Setting out the view of these four MPC members, the minutes state: “The projected path for CPI inflation was again being revised up over the first two years of the forecast period, while medium-term inflation expectations remained relatively high and on some measures had increased further.

“Companies responding to the decision-maker panel had indicated that they expected to raise prices significantly in 2022. The strong pick up in pay settlements reported to the Bank’s agents, and the recent broadening from goods price to services price inflation, suggested that these developments were now being reflected in domestic costs and prices, which could make CPI inflation more persistent than was expected in the February report central projection.

“Monetary policy should tighten to a greater extent at this meeting in order to reduce the risk that recent trends in pay growth and inflation expectations became more firmly embedded and thereby help to bring inflation back to the target sustainably in the medium term.”

READ MORE: Scotland overseas travel rules: Dare we hope scrapping of tests will stick now?: Ian McConnell

All of this provides plenty of food for thought.

Bank of England Governor Andrew Bailey last week sparked furore by calling for workers to show “restraint” on pay demands.

The minutes state the five MPC members voting for a quarter-point rise in rates, including Mr Bailey, “recognised the risks from the possibility of stronger domestic wage and price pressures in the near term, but also saw a need to balance this against the potential for inflation to fall more quickly and to a greater extent than expected if energy and other tradable goods prices followed a lower path than in the MPC’s central projection”.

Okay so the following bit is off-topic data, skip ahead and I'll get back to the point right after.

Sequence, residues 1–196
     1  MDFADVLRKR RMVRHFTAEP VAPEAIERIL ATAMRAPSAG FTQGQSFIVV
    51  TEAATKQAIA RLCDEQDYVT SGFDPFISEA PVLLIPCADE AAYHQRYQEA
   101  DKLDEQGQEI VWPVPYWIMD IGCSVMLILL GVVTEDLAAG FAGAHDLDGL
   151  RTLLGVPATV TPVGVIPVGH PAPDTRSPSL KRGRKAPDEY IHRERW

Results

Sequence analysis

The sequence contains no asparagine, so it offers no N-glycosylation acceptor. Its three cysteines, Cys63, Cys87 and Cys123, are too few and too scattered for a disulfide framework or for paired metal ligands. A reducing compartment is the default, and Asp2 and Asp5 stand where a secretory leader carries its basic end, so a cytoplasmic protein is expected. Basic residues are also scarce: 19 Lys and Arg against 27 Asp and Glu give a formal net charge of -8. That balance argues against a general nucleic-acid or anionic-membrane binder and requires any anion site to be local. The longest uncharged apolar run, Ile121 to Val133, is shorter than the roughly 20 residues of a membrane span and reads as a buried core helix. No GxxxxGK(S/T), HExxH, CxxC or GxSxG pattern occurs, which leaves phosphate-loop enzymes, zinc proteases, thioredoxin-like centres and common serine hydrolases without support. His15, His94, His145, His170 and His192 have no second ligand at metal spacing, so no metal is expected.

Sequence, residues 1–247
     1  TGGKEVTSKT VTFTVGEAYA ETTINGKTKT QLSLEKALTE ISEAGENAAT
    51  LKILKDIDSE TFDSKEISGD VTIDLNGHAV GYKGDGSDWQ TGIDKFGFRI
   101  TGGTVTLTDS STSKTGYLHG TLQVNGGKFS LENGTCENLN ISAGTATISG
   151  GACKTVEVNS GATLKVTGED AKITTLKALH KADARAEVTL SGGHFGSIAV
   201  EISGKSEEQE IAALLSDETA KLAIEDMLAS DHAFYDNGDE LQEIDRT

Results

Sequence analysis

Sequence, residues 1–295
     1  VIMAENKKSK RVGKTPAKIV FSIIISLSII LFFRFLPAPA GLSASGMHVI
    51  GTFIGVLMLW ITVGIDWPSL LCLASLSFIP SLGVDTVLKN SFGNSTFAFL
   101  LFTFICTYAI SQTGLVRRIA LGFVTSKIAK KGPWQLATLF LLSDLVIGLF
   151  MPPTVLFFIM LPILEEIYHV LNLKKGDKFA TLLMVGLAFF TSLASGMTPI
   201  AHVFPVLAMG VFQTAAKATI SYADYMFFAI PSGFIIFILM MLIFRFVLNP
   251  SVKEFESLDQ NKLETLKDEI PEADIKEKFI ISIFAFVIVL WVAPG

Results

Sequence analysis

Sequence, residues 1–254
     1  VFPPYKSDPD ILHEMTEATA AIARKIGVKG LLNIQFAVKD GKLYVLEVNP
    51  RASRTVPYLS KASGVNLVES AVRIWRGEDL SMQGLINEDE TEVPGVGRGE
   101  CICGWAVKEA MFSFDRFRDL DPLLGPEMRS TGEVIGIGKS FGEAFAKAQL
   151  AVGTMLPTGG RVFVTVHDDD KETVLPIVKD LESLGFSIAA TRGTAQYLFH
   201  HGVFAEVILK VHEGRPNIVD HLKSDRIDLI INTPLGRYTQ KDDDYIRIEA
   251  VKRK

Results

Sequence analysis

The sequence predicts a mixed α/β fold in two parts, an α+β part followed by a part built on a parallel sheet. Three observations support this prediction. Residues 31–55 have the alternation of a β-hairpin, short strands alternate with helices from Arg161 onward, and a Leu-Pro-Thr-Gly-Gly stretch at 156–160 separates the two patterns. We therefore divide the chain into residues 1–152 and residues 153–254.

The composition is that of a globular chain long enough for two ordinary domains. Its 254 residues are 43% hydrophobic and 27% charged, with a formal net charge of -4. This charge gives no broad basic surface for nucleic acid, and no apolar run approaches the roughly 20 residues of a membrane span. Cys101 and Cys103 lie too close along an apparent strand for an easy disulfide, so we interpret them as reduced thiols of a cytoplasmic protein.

And, perhaps more interestingly in terms of an insight into these five members’ views, the minutes add: “There was also a case for moving Bank Rate in small increments; a larger increase at this meeting could have an outsized impact on expectations for the further path of policy, which was already sufficient, in the central projection, to push inflation well below the target in year three of the forecast.”

The minutes not surprisingly signal further rises in base rates, declaring: “The MPC judged that, if the economy developed broadly in line with the February report central projections, some further modest tightening in monetary policy was likely to be appropriate in the coming months. The committee continued to judge that there were two-sided risks around the medium-term inflation outlook, primarily from wage developments on the upside and from energy and global tradable goods prices on the downside.”

For many households struggling under the weight of inflation, further interest-rate rises are about the last thing they need. However, it is a most difficult juggling act for policy-makers, exacerbated dramatically by the string of nasty upside surprises on the inflation front.

It is also worth noting, when contemplating the scale of the problem, that UK inflation on the old all-items retail prices index measure still preferred by some is now 7.5%. That is a sobering figure indeed.